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Increasingly desperate California hospitals are being “crushed” by soaring coronavirus infections with one Los Angeles emergency doctor predicting Friday that rationing of care is imminent.

The most populous state recorded more than 41,000 new confirmed cases and 300 dead, both among the highest single-day totals during the pandemic. In the last week California has reported more than a quarter-million cases and 1,500 deaths.

“I’m not going to sugarcoat this. We are getting crushed,” said Dr. Brad Spellberg, chief medical officer at Los Angeles County-USC Medical Center, which has more than 650 beds and is one of the largest in the county.

It’s a scene playing out across nearly all of California. According to state data, all of Southern California and the 12-county San Joaquin Valley to the north have exhausted their regular intensive care unit capacity and some hospitals have begun using “surge” space.

Statewide, the available ICU capacity on Friday was a miniscule 2.1%.

Many emergency rooms already have been using outdoor tents to make more space, said Dr. Marc Futernick, an emergency room physician in Los Angeles who is on the board of the California chapter of the American College of Emergency Physicians. One hospital that has maxed out its outdoor overflow tent is expanding into a nearby gym, he said.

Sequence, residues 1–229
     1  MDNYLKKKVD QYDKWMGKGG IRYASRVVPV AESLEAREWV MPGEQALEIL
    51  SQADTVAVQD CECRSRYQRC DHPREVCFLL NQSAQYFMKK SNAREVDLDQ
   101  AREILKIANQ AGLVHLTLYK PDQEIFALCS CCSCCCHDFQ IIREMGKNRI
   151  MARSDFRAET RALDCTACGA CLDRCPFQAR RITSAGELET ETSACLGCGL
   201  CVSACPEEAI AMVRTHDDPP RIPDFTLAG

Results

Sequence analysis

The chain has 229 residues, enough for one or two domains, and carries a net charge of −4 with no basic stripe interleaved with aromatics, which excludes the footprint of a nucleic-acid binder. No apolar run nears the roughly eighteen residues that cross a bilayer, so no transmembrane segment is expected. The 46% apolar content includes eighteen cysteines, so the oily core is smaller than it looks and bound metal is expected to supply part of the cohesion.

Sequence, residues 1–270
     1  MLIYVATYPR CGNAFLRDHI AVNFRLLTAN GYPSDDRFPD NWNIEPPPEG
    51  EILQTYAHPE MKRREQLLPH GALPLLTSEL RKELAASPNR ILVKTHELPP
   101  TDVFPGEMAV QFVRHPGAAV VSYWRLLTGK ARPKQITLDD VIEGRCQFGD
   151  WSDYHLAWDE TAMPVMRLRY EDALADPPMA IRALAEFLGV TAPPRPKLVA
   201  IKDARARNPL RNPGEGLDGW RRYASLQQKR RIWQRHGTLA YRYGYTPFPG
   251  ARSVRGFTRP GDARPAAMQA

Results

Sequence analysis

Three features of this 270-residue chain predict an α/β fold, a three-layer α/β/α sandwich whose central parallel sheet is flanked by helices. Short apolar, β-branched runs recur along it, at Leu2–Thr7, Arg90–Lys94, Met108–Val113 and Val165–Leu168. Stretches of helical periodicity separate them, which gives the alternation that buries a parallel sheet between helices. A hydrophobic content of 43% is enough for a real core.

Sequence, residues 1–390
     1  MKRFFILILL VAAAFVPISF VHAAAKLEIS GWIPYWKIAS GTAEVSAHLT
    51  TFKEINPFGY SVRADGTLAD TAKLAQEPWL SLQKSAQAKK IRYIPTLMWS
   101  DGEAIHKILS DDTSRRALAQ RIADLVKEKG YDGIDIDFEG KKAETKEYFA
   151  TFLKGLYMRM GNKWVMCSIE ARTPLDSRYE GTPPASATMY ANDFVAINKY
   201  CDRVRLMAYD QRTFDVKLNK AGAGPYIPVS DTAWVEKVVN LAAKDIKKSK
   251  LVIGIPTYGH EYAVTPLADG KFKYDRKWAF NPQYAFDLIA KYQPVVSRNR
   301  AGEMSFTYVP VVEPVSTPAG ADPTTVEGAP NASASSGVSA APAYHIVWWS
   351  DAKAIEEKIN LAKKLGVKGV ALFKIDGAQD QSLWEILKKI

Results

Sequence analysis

Yet coronavirus cases have not reached their peak in this third and most devastating wave and that means more drastic measures are on the horizon. Statewide, about 16,000 coronavirus victims are hospitalized — more than double the previous peak reached in July — and a state model that uses current data to forecast future trends shows the number could reach an unfathomable 75,000 by mid-January.

“Even though it is true that I don’t think anyone is doing this kind of rationing of care, or feeling truly overwhelmed in this exact moment, there’s no doubt it is right around the corner,” Futernick said. “There’s no feasible way for this to be avoided. The numbers are too big.”

Every day for the last week has begun with no available intensive care beds and a scramble to find room in spaces that don’t usually handle critical patients, like post-surgery recovery areas, Spellberg said.

Los Angeles County Health Services Director Dr. Christina Ghaly said hospitals “are adding three beds to a room that maybe was a double room, or turning a single room into a double room.” But when a limited number of staff then must care for more than the usual number of patients, “that is not a situation that is good for anybody.”

Nearly all of California is under a new health order that includes an overnight curfew for all but essential workers and errands, and shutters or restricts operations in virtually all businesses. Newsom and health officials have implored people to stay home and wear masks and socially distance whenever around others outside their household.

“We need the public to listen to these mitigation strategies to slow the spread or we will completely run out of beds,” Spellberg said, adding that it only feeds health workers’ angst “when we see video and hear people not taking the public health strategy seriously.”

Meanwhile, emergency rooms are filling up with patients who should be hospitalized but can’t be because there’s no space. Ambulance providers are planning for how to handle the rising caseload and may have to start triaging patients in the field rather than bringing them in except in the most critical cases, Futernick said.

“I am fearful it will be worse than what we saw in New York,” he said. “When New York’s hospitals became overwhelmed, health care providers poured in from around the country.”

“None of that is happening right now and there’s no way for it to happen because every place is busy,” Futernick said. “There’s no cavalry coming.”